Looking for Needles in Obelisks

Front cover of Cleopatra’s Needles: The Lost Obelisks of Egypt.
Cleopatra’s Needles: The Lost Obelisks of Egypt
Bob Brier
Bloomsbury Academic
238pp  £21.99

The tale of how three 19th-century engineers – the Frenchman Apollinaire Lebas, the Englishman John Dixon (not forgetting his younger brother Waynman) and the American Henry Gorringe – managed to transport their respective obelisks to London, Paris and New York is hardly a new one. With the classic book on Egyptian obelisks, Labib Habachi’s The Obelisks of Egypt, having graced my shelves since 1977, I initially queried what more Bob Brier could possibly have to say. Through his choice of intriguing black and white images, however, he recaptures obelisk mania anew.

One image depicts a sea of spectators who gathered in 1836 to watch the newly arrived Paris obelisk being erected in the Place de la Concorde. In 1878 crowds on the Thames Embankment braved an hour of torrential rain, while hawkers sold souvenirs: photographs show penny pamphlet translations of the relevant hieroglyphs, together with lead obelisk-shaped pencils which graced the necks of fashionable ladies. Meanwhile, the band of the 17th Lancers played the popular Cleopatra’s Needle Waltz. A lively poster reveals that this was dedicated to Sir Erasmus Wilson, the surgeon-cum-philanthropist who had generously financed the project to the tune of £10,000.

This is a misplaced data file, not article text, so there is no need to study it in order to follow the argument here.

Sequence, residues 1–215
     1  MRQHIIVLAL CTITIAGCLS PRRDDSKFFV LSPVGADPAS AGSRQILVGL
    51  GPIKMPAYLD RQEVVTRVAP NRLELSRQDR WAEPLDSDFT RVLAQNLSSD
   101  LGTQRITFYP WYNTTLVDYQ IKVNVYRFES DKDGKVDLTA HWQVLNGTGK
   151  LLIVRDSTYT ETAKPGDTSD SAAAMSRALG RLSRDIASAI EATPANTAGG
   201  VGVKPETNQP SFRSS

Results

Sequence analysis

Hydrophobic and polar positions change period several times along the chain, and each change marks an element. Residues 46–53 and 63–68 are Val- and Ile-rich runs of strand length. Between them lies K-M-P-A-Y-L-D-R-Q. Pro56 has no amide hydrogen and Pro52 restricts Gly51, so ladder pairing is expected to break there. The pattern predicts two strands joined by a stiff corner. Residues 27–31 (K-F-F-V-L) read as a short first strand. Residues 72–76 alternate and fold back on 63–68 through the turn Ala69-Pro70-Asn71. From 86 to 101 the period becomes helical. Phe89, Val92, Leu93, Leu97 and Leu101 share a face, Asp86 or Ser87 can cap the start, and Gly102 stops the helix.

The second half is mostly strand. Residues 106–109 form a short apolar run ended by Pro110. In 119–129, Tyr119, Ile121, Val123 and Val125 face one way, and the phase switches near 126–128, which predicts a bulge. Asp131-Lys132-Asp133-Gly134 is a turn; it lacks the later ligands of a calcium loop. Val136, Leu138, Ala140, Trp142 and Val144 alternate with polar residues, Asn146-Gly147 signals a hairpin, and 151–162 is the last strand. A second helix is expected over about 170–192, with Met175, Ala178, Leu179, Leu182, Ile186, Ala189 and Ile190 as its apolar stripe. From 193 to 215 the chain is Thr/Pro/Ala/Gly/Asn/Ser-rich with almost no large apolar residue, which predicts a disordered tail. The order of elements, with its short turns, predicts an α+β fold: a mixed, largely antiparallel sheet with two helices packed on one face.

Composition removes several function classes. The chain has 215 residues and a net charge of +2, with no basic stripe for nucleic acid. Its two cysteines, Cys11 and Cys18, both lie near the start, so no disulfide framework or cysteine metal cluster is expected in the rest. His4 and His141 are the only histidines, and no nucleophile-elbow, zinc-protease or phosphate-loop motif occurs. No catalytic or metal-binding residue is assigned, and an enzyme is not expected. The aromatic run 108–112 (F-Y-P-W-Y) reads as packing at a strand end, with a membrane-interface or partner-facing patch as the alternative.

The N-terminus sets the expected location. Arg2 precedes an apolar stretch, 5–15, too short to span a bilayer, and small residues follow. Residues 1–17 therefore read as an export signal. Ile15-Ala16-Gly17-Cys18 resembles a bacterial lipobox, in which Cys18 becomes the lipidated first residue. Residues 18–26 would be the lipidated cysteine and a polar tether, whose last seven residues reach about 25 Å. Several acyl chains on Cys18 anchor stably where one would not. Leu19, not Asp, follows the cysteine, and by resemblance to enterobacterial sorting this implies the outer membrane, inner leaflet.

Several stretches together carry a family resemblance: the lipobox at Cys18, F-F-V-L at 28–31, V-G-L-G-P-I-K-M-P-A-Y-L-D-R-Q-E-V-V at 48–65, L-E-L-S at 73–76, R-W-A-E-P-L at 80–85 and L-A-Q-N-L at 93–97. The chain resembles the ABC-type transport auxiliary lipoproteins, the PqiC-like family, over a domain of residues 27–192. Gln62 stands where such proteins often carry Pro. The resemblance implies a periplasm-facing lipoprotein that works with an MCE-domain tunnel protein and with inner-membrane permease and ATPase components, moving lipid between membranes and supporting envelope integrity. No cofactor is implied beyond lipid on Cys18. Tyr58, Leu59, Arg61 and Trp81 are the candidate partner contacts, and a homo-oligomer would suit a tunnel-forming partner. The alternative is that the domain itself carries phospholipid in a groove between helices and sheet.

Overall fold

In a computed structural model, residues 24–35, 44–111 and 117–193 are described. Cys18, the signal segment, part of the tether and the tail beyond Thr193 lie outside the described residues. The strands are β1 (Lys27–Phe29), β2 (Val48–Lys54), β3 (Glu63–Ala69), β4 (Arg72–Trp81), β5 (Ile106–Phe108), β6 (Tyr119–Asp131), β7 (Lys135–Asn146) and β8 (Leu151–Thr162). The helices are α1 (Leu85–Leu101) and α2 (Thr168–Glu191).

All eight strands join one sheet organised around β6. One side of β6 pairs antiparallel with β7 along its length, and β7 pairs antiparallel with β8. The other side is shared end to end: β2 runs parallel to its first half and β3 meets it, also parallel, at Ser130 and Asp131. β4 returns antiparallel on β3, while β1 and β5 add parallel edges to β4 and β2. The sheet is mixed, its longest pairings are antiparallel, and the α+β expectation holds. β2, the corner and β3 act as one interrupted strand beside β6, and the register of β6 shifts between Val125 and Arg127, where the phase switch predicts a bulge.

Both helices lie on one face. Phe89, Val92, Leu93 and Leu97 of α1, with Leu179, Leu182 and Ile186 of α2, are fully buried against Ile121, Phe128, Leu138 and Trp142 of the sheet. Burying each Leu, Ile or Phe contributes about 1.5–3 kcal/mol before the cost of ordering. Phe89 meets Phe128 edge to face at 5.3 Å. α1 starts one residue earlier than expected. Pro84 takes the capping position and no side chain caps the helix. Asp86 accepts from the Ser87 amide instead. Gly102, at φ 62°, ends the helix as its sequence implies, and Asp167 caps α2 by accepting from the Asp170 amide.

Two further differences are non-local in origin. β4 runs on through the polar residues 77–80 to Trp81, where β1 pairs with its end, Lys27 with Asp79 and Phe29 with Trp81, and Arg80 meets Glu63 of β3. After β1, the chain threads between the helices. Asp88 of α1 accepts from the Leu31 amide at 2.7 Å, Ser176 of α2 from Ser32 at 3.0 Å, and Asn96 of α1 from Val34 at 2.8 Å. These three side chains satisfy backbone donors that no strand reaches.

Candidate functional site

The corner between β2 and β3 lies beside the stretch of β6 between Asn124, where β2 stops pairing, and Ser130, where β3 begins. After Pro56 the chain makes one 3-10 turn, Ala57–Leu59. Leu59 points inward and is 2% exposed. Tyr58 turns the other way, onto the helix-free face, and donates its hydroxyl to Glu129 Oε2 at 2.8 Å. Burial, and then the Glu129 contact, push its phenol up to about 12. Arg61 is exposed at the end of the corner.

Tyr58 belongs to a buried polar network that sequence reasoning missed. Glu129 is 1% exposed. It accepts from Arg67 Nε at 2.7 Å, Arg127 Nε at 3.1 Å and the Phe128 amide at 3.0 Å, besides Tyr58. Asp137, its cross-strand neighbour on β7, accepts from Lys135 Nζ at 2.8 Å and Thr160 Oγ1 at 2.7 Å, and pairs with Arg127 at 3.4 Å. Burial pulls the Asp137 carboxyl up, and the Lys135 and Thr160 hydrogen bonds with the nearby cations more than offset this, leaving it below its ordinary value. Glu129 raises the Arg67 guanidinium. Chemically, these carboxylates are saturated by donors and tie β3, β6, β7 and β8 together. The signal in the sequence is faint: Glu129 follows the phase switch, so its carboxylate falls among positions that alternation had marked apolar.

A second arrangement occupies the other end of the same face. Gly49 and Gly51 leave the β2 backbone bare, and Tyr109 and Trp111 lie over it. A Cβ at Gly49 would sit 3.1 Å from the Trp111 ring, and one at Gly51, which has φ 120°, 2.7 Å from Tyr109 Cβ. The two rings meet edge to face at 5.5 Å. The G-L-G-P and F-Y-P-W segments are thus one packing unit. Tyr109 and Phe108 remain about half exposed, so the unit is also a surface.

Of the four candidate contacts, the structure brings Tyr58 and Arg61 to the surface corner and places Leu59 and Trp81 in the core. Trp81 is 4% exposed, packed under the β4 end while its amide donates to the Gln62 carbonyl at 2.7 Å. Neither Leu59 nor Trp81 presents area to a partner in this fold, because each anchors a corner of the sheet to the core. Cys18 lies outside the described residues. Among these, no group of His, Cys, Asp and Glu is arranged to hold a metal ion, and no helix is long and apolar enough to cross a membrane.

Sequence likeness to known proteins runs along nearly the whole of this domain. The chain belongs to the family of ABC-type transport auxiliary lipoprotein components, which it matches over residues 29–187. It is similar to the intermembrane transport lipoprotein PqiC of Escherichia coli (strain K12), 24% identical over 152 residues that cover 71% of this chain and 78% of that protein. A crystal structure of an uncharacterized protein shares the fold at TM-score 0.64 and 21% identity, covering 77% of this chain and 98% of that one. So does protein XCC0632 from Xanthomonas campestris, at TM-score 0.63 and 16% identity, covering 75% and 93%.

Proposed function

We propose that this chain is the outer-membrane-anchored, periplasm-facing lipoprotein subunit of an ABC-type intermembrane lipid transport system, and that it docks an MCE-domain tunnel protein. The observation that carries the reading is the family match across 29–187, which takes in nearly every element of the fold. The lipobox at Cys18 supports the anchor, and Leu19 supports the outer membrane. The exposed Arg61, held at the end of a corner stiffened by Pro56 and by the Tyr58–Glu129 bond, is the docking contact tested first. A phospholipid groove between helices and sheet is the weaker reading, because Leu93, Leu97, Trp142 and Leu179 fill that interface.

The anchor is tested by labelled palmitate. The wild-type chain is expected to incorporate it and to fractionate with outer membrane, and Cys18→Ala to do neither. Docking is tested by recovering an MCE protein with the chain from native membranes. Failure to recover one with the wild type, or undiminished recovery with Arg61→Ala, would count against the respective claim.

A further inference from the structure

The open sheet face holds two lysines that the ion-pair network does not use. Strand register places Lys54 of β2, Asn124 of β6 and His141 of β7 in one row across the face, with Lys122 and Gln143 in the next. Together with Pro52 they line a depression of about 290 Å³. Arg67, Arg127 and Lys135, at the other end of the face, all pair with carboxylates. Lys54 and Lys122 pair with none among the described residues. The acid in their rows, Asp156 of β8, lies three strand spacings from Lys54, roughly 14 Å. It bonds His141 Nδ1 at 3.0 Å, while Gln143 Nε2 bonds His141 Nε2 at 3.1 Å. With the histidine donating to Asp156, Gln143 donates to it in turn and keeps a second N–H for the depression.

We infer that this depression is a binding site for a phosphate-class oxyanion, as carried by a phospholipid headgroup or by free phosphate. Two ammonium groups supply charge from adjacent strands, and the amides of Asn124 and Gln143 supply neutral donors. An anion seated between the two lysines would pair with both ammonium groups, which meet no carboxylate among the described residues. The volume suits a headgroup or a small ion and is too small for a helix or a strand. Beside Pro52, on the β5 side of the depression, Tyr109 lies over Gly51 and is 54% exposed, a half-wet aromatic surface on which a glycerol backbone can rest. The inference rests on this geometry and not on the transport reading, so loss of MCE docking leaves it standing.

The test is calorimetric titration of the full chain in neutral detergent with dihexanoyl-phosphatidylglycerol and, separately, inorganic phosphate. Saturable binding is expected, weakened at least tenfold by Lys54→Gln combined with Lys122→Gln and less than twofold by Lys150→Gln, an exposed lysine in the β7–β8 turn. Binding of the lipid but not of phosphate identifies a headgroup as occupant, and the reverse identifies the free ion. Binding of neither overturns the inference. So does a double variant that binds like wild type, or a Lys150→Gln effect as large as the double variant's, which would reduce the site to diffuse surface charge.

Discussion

Like his employee John Dixon, Wilson was a Freemason. So too was Gorringe. A stunning gold and amethyst baton, complete with a fully inscribed miniature gold obelisk, was used at the impressive Masonic installation ceremony for New York’s Central Park pedestal in 1881. Coinciding with the arrival of that city’s erroneously named Cleopatra’s Needle, storeowners dispensed carefully crafted trade cards. Needle and thread manufacturer John English & Co. showed Cleopatra threading one of its needles through a large hole in the obelisk’s upturned base, while J. & P. Coats depicted mammoth versions of their best six-cord spool cotton keeping the towed artefact afloat on the Hudson.

A 2014 photograph of a hard-hatted Brier clutching the top of the New York obelisk shows how, literally embracing a once in a lifetime opportunity, he climbed its temporary scaffolding. We, too, can therefore testify that its very tip had once been broken. Careful detective work results in the book’s final image – an enlargement of an 1870s photograph, sourced from France by a friend – of the obelisk still erect and minus its tip in Alexandria. Brier concludes that, before transport, Gorringe had its replacement cut and then reattached by means of a rod. 

A fast-paced text, friendly chapter sub-headings, a few minimal footnotes and a useful bibliography assist the reader. It is, however, the unexpected illustrations that ultimately provide this book’s captivating originality.

Rosalind Janssen is Lecturer in Education at the UCL Institute of Education and teaches Egyptology courses at Oxford University’s Department for Continuing Education.

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